The fictional Pope Peter
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28-05-2015, 09:12 PM (This post was last modified: 28-05-2015 09:31 PM by Mark Fulton.)
RE: The fictional Pope Peter
(28-05-2015 09:02 PM)Minimalist Wrote:  
Quote:This one on Vespasian mentions this too.


Commemorative coins and arches? Claudius did the same thing in Britain. So did Trajan. So did Hadrian. Sorry, but this is hardly evidence of anything other than standard operating procedure for an emperor.

I'll see if I can find the other video after I finish watching the ball game.

Yeah sorry it's about 3.10 minutes into the video that they make the point about how Vespasian was a great propagandist

Here is another.....
https://www.youtube.com/watch?v=z_96ZQAbvCI
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29-05-2015, 04:11 PM
RE: The fictional Pope Peter
Okay, so, as I hinted above...let's talk about Rome.

Or, to put it in a format that I prefer.... the bullshit about Rome being the primary seat of power.

That the doctrine of papal primacy developed over the course of centuries is not to be denied. Leo I pushing it in the 5th century and making up stories about how he talked Attila out of attacking Rome by the power of his holy horseshit.

But xtianity seems to have arisen in the East and the earliest centers were Alexandria, Antioch, and perhaps Ephesos. So much of this early xtian crap seems dedicated to the proposition that Rome was the center and always had been because of the Peter is the Rock routine. They are giving directions to other churches like First Clement. But who the fuck were they to be giving orders. They final victory of the proto-orthodox did not come about until the 4th century. The first to assert the primacy of Rome was Irenaeus, c 185:

Quote:2. Since, however, it would be very tedious, in such a volume as this, to reckon up the successions of all the Churches, we do put to confusion all those who, in whatever manner, whether by an evil self-pleasing, by vainglory, or by blindness and perverse opinion, assemble in unauthorized meetings; [we do this, I say, ] by indicating that tradition derived from the apostles, of the very great, the very ancient, and universally known Church founded and organized at Rome by the two most glorious apostles, Peter and Paul; as also [by pointing out] the faith preached to men, which comes down to our time by means of the successions of the bishops. For it is a matter of necessity that every Church should agree with this Church, on account of its pre- eminent authority, that is, the faithful everywhere, inasmuch as the apostolical tradition has been preserved continuously by those [faithful men] who exist everywhere.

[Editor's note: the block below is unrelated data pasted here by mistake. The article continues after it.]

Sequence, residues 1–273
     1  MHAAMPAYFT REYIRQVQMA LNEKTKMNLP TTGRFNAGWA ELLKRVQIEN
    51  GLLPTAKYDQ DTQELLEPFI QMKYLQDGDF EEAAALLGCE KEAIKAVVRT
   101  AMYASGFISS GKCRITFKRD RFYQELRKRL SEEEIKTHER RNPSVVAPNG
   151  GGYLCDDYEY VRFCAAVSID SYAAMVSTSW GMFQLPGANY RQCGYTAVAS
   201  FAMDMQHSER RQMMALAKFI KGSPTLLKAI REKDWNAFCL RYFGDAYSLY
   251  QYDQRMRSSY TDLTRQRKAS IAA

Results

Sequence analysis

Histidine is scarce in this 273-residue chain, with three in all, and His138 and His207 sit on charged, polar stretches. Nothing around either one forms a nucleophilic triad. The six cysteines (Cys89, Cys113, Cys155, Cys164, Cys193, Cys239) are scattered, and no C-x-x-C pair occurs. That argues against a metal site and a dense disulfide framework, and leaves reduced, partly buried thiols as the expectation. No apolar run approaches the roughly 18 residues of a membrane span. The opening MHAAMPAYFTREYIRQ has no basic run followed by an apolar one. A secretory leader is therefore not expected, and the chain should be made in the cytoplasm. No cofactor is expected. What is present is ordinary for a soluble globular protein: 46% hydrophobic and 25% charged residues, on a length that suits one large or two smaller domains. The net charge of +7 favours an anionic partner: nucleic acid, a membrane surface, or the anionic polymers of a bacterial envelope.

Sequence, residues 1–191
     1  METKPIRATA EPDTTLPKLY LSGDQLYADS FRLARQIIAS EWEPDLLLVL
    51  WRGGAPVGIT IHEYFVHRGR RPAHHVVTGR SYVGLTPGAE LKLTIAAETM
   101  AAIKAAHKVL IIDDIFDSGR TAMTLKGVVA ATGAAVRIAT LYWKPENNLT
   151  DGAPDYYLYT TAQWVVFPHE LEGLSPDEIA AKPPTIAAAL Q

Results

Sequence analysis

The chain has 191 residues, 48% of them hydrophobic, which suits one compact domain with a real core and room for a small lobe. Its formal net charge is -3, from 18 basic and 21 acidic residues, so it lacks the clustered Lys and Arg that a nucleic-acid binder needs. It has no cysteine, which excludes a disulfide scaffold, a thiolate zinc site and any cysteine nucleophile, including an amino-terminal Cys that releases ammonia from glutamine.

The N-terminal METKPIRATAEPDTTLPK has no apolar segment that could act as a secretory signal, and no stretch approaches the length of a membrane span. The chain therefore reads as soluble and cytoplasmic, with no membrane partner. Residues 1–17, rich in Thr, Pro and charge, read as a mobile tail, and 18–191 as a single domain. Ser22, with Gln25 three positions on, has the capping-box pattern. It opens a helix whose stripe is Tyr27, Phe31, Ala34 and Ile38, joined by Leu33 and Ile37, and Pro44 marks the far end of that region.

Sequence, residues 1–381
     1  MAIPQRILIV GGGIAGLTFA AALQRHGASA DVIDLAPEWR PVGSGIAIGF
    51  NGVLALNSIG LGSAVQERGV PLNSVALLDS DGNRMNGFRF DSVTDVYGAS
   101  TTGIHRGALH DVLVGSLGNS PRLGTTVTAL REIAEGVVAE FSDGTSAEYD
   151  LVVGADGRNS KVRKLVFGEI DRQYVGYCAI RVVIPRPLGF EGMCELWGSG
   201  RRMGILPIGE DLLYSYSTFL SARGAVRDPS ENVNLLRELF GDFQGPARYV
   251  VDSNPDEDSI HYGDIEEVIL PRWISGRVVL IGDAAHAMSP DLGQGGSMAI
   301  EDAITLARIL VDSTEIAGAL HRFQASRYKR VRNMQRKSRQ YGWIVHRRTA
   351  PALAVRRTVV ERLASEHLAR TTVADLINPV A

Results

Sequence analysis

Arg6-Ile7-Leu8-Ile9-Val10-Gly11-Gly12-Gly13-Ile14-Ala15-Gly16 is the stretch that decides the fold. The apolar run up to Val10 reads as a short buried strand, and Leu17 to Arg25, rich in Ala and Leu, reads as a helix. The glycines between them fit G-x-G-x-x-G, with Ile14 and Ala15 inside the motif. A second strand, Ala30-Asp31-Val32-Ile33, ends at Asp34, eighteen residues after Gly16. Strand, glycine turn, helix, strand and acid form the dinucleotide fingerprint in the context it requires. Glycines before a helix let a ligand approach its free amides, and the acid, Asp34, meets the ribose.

Irenaeus, Against Heresies Bk II, 3.2

The term one lies and the other swears to it pops into mind.

So let's trot out the other part of the scam, First Clement, supposedly written by Clement of Rome to the Corinthians, except.

Quote:Essentially, many Roman Catholics believe that a late 1st century letter to the Corinthians shows that Clement felt that he had the authority over all other Christian churches. And thus, this is the earliest proof that in fact, the cathedra went to the bishops of Rome and therefore (according to this line of reasoning) is still there today.

The first problem is that the letter never says any individual sent it. So even if it was from Clement, he apparently did not feel he himself had what Catholics now call the cathedra (the ecclesiastical chair or authority), for it was unsigned. The second problem is that there is no indication that the Corinthians were in any way writing to Clement. And the third is that recent Catholic scholarship admits that "I Clement" does not establish the primacy of the Roman Church:

In the past, Catholic writers have interpreted this intervention as an early exercise of Roman primacy, but now it is generally recognized as the kind of exhortation one church could address another without any claim to authority over it...I Clement certainly does not support the theory that before the apostles died, they appointed one man as bishop in each of the churches they founded.

http://www.cogwriter.com/clement.htm

Once again we are confronted with "tradition" at the best-case scenario or Fraud as the worst. How are we supposed to tell?

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29-05-2015, 04:21 PM
RE: The fictional Pope Peter
Quote:Here is another.....
https://www.youtube.com/watch?v=z_96ZQAbvCI


Again, it's not much other than Emperor Manual 1.01 as noted before. I suppose one could argue about commissioning Josephus to write a history of the Jewish War but it wasn't finished until 78 and Vespasian was dead a year later. Titus was dead 2 years after that and, it seems, Domitian did not like Jews.

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29-05-2015, 04:34 PM
RE: The fictional Pope Peter
(29-05-2015 04:11 PM)Minimalist Wrote:  Okay, so, as I hinted above...let's talk about Rome.

Or, to put it in a format that I prefer.... the bullshit about Rome being the primary seat of power.

That the doctrine of papal primacy developed over the course of centuries is not to be denied. Leo I pushing it in the 5th century and making up stories about how he talked Attila out of attacking Rome by the power of his holy horseshit.